Heartburn sufferers, listen up: Acid-fighting drugs might spell relief, but they could leave a less-welcome gift — diarrhea.
People taking proton pump inhibitors and H2 blockers have greater risk of infection from a potentially dangerous diarrhea bug known as Clostridium difficile, or C-diff, reports researcher Sandra Dial, MD, MSc, a researcher at McGill University in Montreal. Her study appears in this week's issue of The Journal of the American Medical Association.
Proton pump inhibitors include Prilosec, Prevacid, and Nexium among others. H2 blockers include drugs such as Zantac, Pepcid, and Tagamet. These are the main medications offered to people suffering from stomach acid problems such as gastritis, GERD (acid reflux disease), or heartburn. They work to suppress stomach acid production which helps to alleviate discomfort.
Clostridium difficile is prevalent in the environment and especially in hospitals and nursing homes. Spores from C-diff enter our bodies through the mouth, which is the entryway for the gastrointestinal tract. Diarrhea caused by C-diff is a result of overgrowth of the C-diff bacteria in the colon, or large intestine. It has generally been associated with antibiotic use, which can kill "good" bacteria in the colon which keeps C-diff at bay. Infection has also been associated with stays in hospitals and nursing homes where it is easily passed to others.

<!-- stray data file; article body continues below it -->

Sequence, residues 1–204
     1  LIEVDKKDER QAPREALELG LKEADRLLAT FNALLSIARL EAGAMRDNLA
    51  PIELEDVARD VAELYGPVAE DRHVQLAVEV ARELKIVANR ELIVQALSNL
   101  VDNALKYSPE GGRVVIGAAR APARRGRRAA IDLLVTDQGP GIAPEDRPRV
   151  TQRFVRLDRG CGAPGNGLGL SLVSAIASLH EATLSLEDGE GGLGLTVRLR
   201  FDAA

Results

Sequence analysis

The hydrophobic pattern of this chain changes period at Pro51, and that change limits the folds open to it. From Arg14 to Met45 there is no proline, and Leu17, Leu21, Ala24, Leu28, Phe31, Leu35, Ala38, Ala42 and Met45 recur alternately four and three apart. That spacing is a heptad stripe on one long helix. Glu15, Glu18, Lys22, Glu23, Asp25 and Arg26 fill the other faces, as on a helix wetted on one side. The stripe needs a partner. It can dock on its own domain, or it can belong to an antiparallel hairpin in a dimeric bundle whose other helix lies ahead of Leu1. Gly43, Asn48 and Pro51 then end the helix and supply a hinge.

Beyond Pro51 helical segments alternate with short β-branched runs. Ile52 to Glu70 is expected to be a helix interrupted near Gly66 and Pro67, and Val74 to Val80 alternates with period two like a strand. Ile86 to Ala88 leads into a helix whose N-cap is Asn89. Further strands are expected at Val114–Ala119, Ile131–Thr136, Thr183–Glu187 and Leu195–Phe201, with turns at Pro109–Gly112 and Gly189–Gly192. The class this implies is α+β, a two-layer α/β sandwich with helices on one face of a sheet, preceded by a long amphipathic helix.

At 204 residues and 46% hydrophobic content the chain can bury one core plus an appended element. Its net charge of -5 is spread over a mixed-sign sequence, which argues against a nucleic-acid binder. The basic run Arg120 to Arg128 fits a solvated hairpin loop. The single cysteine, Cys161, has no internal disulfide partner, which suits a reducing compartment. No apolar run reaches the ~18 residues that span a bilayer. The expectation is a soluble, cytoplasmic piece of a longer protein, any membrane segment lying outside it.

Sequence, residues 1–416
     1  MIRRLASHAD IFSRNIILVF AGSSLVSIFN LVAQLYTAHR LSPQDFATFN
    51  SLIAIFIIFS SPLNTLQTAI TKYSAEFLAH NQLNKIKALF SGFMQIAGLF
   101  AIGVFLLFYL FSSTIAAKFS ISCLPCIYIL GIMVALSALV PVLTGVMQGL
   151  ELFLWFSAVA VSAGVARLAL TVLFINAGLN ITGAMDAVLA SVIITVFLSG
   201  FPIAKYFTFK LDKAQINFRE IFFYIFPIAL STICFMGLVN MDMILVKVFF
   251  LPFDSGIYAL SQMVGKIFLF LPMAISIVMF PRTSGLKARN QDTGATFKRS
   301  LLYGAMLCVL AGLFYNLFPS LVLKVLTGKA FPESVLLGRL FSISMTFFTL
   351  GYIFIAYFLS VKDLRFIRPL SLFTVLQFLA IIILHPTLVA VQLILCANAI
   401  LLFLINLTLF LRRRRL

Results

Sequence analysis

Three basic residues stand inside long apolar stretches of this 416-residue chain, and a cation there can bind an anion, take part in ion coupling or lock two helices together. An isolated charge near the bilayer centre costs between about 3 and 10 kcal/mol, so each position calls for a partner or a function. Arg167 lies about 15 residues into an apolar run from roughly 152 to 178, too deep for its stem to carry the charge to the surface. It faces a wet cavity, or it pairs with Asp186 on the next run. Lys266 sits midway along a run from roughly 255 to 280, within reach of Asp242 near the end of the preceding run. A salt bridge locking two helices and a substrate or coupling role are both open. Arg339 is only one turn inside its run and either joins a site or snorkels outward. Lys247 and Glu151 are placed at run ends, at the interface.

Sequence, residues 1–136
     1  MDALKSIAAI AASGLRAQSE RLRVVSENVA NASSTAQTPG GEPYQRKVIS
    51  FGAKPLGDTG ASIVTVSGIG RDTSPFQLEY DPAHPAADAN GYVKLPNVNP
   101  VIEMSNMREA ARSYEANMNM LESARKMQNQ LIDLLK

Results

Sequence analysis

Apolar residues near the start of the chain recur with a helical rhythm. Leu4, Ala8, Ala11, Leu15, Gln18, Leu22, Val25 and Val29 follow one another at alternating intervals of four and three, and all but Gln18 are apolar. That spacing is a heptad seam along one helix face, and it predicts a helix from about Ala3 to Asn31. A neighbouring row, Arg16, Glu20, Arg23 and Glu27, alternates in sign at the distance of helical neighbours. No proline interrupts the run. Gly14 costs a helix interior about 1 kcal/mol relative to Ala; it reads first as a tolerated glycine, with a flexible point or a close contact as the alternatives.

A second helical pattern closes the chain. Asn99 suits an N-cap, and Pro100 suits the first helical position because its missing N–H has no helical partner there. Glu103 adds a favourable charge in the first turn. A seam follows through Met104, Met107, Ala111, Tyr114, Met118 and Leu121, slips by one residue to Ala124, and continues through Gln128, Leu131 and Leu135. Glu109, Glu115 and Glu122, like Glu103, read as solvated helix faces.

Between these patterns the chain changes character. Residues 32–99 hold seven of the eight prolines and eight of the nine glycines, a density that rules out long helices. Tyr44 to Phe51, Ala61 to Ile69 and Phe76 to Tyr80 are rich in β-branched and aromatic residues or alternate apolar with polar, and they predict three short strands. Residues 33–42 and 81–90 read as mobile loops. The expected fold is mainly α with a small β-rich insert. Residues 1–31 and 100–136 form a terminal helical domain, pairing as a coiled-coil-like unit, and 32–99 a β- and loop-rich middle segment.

The incidence and severity of diarrhea caused by C-diff has increased dramatically, according to recent data, writes Dial. Diarrhea caused by C-diff can be severe, with a cramping form of intestinal inflammation known as colitis.
"Clostridium-difficile-associated disease is becoming an important public health issue," writes Dial. Gastric (stomach) acid operates as a major defense mechanism against ingested bugs. But when people take gastric acid suppressors the stomach's normal acidity is lost, and this defense mechanism may become diminished, she explains.
Dial's study — the largest study thus far of this risk factor — looked at whether these drugs had any association with community-acquired C-diff infection. She and her colleagues examined data from 3 million patients of 400 general practioners in the U.K. from 1994 to 2004. There were 1,672 identified cases of C-diff, with numbers increasing from less than one per 100,000 in 1994 to 22 per 100,000 in 2004.
Those patients taking proton pump inhibitors were nearly three times more likely to acquire a C-diff infection, Dial reports. Patients taking another type of acid-fighting drug — H2 blockers like Pepcid and Zantac — were twice as likely to get a C-diff infection.
Other studies have shown that antibiotic use increases risk for C-diff infection. However, in her study, antibiotic use was seen in only 37 percent of C-diff cases. The study only demonstrated an association between the use of these medications and the risk for getting diarrhea from C-diff. It did not prove how or why this happened.
SOURCE: Dial, S. The Journal of the American Medical Association, Dec. 21, 2005; vol 293: pp 2989-2995. CDC web site.
By Jeanie Lerche Davis
Reviewed by Louise Chang, MD
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